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Reading Stories for Young Learners in Korea
- Reading Stories for Young Learners in Korea
- Kim, Yoo Jeong
- Issue Date
- 외국어교육특수대학원 TESOL학과
- 이화여자대학교 외국어교육특수대학원
- Sukyung Chin
- Although the current English education system for elementary school students in Korea is intended to integrate the four language skills in order to improve English as second language, the traditional style of teaching English is still implemented in most classroom and many Korean young learners seem to have difficulty with their language development. From my personal experience as a teacher in one of the elementary English institutions in Korea, most classes use reading to teach vocabulary, grammar as well as communicative skills. However, one of the problems of this approach is that students are unmotivated due to unfamiliar topic, teacher-focused reading, vocabulary memorization, and repeated textbook activities and organizations. Reading is one of the basic linguistic elements to promote all four skills because according to Krashen & Terrel (1983:131), reading helps students to develop linguistic competence in a second language and contributes to promote all four skills. Moreover, it is stated that the value of reading is absolute in terms of building comprehensible input and developing language acquisition (Simon, 1993). Through reading text, learners will gain strong exposure on both content and language inputs.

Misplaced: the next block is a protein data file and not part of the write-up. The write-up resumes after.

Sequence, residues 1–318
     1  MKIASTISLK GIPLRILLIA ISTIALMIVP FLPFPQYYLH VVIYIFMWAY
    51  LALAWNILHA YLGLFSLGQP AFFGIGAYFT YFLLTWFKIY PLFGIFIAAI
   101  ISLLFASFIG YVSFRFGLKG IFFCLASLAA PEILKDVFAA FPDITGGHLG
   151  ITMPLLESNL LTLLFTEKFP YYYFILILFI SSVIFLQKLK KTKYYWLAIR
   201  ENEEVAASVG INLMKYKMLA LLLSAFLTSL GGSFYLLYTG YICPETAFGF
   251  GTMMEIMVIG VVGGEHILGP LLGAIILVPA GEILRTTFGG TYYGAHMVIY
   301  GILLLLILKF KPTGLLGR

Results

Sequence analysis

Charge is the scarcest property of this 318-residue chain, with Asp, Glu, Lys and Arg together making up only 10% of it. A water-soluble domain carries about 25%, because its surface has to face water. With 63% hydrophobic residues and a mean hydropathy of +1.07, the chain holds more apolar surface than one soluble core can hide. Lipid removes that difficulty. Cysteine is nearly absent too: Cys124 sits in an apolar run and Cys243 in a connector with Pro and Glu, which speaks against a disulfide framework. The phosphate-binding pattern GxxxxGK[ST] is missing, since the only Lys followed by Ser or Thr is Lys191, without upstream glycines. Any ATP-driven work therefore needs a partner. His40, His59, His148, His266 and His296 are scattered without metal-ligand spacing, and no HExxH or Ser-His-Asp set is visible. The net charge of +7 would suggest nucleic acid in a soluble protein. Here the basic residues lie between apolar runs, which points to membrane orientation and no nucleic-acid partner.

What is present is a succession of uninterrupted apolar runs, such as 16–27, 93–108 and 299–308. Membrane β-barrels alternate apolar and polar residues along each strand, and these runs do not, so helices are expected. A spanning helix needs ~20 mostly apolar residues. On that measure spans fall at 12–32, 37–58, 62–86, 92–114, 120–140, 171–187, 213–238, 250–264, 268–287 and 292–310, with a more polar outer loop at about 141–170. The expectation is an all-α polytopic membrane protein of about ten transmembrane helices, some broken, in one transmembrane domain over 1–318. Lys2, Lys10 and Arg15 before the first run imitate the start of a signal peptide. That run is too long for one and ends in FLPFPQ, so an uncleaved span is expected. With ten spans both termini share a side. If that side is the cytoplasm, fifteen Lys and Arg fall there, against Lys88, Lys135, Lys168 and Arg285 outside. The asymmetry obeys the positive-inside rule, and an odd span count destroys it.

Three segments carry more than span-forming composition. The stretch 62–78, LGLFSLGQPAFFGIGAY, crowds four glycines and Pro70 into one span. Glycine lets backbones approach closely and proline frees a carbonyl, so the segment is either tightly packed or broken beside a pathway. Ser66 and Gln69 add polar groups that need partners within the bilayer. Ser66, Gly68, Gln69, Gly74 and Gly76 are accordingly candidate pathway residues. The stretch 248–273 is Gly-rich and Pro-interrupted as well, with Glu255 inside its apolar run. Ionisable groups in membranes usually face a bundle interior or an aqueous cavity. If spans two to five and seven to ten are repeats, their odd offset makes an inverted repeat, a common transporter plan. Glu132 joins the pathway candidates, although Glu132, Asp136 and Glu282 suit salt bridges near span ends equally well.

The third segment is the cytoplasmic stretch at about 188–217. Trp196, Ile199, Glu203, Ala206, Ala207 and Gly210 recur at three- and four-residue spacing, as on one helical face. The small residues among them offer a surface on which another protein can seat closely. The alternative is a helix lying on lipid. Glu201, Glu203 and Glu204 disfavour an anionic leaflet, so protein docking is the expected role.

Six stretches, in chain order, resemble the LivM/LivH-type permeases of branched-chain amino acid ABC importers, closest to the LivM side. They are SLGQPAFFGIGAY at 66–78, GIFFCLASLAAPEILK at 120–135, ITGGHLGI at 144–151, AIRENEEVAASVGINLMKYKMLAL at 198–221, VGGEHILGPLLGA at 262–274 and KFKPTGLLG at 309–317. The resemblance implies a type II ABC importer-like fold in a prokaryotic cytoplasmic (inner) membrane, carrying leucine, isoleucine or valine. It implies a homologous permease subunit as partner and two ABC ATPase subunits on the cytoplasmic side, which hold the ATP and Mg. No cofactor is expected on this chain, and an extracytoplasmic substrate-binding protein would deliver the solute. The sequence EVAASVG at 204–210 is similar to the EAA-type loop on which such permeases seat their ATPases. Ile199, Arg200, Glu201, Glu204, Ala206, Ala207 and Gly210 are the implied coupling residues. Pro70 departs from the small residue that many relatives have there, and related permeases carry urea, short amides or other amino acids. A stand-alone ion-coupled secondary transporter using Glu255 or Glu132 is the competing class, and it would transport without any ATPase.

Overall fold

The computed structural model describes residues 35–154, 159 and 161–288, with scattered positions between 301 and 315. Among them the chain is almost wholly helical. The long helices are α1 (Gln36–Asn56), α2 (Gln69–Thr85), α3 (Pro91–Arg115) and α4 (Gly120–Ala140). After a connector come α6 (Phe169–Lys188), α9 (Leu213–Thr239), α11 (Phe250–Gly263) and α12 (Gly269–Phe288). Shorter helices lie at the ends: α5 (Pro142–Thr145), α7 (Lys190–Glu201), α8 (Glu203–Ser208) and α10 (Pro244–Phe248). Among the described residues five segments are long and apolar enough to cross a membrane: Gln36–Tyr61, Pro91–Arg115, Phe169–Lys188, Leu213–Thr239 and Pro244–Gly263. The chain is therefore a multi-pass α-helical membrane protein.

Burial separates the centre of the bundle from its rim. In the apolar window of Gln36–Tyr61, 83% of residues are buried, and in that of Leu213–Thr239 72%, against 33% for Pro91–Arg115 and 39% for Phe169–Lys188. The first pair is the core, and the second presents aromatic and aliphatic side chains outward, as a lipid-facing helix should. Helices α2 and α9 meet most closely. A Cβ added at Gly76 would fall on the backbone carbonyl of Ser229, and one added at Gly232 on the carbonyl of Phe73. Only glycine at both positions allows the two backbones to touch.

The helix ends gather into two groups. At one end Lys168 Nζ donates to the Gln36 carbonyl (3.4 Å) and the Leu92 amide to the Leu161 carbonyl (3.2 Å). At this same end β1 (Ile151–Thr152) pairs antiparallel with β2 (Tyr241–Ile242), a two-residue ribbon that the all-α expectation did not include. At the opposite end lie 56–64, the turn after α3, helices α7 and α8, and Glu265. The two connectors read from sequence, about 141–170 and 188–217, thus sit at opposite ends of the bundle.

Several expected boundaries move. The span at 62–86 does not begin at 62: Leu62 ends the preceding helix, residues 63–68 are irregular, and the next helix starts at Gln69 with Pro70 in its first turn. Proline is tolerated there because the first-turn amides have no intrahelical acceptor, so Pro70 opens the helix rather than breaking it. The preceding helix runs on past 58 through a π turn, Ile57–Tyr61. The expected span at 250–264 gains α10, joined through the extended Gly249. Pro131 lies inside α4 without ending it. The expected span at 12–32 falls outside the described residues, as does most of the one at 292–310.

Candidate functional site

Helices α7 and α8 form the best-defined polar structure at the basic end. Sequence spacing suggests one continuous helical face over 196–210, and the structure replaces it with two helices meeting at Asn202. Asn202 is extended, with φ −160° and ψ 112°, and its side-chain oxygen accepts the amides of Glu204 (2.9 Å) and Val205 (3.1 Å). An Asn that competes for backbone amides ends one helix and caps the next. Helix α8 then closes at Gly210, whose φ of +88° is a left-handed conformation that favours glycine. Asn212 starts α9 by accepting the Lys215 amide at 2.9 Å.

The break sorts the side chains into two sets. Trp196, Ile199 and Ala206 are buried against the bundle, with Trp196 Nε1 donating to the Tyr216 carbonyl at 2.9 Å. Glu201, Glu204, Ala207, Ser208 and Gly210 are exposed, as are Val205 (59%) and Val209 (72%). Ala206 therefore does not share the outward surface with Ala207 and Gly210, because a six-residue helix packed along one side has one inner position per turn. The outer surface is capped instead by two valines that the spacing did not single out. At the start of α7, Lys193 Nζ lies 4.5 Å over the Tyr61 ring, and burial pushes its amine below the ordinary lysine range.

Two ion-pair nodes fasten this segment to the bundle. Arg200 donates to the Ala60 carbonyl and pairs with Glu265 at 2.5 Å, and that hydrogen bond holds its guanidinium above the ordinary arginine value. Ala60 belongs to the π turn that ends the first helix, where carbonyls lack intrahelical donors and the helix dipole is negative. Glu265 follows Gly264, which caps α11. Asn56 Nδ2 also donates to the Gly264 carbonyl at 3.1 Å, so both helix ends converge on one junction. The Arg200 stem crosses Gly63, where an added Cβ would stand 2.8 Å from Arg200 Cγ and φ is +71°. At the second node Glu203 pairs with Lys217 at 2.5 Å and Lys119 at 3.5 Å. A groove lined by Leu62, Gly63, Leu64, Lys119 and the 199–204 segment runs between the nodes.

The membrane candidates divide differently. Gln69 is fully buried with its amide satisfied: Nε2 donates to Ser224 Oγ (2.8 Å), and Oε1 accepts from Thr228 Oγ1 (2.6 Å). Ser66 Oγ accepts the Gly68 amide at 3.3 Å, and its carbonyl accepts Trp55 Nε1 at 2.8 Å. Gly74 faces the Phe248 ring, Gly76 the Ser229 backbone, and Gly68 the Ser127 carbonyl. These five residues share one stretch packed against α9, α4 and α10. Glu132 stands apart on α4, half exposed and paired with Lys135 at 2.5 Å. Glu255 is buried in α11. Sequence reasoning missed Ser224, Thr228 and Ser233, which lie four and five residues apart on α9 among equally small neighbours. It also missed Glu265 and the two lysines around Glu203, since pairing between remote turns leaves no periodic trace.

The group I seek to address is low-intermediate Korean students between the ages of 8-10 and they have been studying English for 2-3 years. I choose this group of target students because students of this age are eager to read English book and gain new knowledge because they are curious about the world around them and they have the potential to develop their language skills through reading engaging stories and interacting with meaningful and creative activities. In reference to the WIDA scale, my students are in the Level 2 on four skills that they can express their ideas at a short sentence level with limited vocabulary usage. However, based on my teaching experience, their reading comprehension is lower compared to other skills due to their lack of attention to linguistic details. With regard to their current English level and lack of motivation, applying graded reader story series in a reading class could support student’s English development. According to Linse (2006), stories generally provide enjoyment and pleasure for all readers. Moreover, literature is used in every classroom for young learners. Compared to the English classroom in the past, using stories in modern course books for reading are on the increase because reading stories is considered as a vital component for young learner’s language development (Linse, 2006). I will adapt the Ready-To-Read Level 2 of “Henry and Mudge” storybook in order to encourage the target young learners to read with fun and enjoy the stories and the friendly characters in the series. As my target students need a strong exposure to fun and meaningful task within the storybook, reading “Henry and Mudge” series might facilitate their reading skills development and boost their motivation to learn their second language.
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